MAAT is an outward-looking museum located on the banks of the Tagus in Belém, the district from where the Portuguese great explorers set off. Proposing a new relationship with the river and the wider world, the kunsthalle is a powerful yet sensitive and low-slung building that explores the convergence of contemporary art, architecture and technology.
The new building is the centrepiece of EDP Foundation’s masterplan for an art campus that includes the repurposed Central Tejo power station.
Blending structure into landscape, the kunsthalle is designed to allow visitors to walk over, under and through the building that sits beneath a gently expressed arch – one of the oldest forms in western architecture.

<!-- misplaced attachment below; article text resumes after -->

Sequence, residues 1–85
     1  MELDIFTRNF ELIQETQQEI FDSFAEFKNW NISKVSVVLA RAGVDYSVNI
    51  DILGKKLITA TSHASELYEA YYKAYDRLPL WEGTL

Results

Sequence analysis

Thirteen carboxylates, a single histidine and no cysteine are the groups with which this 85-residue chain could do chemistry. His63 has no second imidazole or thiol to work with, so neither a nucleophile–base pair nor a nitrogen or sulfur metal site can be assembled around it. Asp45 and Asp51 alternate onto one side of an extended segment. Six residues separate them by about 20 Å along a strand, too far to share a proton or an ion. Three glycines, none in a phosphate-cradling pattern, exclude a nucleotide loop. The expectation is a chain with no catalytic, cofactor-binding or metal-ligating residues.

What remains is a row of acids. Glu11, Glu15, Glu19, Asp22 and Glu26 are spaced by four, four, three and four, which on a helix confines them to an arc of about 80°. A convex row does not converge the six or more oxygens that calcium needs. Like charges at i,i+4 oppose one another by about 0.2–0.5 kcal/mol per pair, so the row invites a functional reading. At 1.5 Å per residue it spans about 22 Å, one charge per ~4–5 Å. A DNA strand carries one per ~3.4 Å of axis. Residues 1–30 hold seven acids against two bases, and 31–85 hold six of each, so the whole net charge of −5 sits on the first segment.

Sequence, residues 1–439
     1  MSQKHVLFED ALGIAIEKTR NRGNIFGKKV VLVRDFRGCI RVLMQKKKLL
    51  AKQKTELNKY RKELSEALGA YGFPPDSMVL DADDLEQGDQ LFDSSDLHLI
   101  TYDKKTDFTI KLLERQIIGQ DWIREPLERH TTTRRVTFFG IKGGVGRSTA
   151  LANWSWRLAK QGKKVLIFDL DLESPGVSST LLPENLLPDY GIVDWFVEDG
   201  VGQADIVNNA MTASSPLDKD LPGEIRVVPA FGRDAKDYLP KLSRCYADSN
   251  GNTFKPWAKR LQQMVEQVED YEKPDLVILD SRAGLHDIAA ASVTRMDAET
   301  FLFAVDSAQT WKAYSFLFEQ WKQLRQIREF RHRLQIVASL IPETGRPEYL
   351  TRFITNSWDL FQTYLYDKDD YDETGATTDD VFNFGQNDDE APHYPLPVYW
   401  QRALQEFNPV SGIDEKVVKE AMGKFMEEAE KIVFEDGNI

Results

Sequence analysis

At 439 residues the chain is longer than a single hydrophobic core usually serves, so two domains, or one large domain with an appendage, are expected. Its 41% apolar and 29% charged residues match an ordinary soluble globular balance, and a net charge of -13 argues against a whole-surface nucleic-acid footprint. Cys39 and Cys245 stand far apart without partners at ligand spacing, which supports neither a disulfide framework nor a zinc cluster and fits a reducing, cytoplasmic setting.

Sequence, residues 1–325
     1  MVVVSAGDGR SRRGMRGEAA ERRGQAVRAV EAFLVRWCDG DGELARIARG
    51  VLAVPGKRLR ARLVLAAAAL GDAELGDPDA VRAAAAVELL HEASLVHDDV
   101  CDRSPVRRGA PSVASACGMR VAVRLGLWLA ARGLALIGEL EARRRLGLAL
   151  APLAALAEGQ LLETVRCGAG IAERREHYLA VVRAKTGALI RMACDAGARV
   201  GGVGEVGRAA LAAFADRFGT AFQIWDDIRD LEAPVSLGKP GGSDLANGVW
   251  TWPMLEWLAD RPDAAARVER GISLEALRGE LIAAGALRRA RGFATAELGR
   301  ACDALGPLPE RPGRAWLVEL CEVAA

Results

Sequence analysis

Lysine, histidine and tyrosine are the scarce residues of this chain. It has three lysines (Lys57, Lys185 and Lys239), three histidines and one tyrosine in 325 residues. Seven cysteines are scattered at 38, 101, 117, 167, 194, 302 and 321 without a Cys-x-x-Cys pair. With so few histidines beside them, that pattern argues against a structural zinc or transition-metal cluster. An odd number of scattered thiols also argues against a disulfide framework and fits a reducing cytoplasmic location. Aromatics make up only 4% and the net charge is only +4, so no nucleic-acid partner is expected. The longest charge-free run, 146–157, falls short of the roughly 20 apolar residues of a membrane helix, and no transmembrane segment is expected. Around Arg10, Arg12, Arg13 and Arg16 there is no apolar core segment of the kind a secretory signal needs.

The roof becomes an outdoor room, a physical and conceptual reconnection of the river to the city’s heart – where visitors can turn away from the river and enjoy the vista of the cityscape, and at night, watch a film with Lisbon as a backdrop.
Below, the exhibition spaces are extensions of the public realm, with flowing interconnected places for experiences and interactions at the intersection of the three disciplines. These spaces complement the galleries of the converted Central Tejo building.
Building on Portugal’s rich tradition of craft and ceramics, three-dimensional crackle glazed tiles articulate the facade and produce a complex surface that gives mutable readings of water, light and shadow. The overhanging roof that creates welcome shade is used to bounce sunlight off the water and into the building.
A park designed by Vladimir Djurovic Landscape Architecture will also open in 2017, alongside a bridge by AL_A that will link the waterfront with the roof.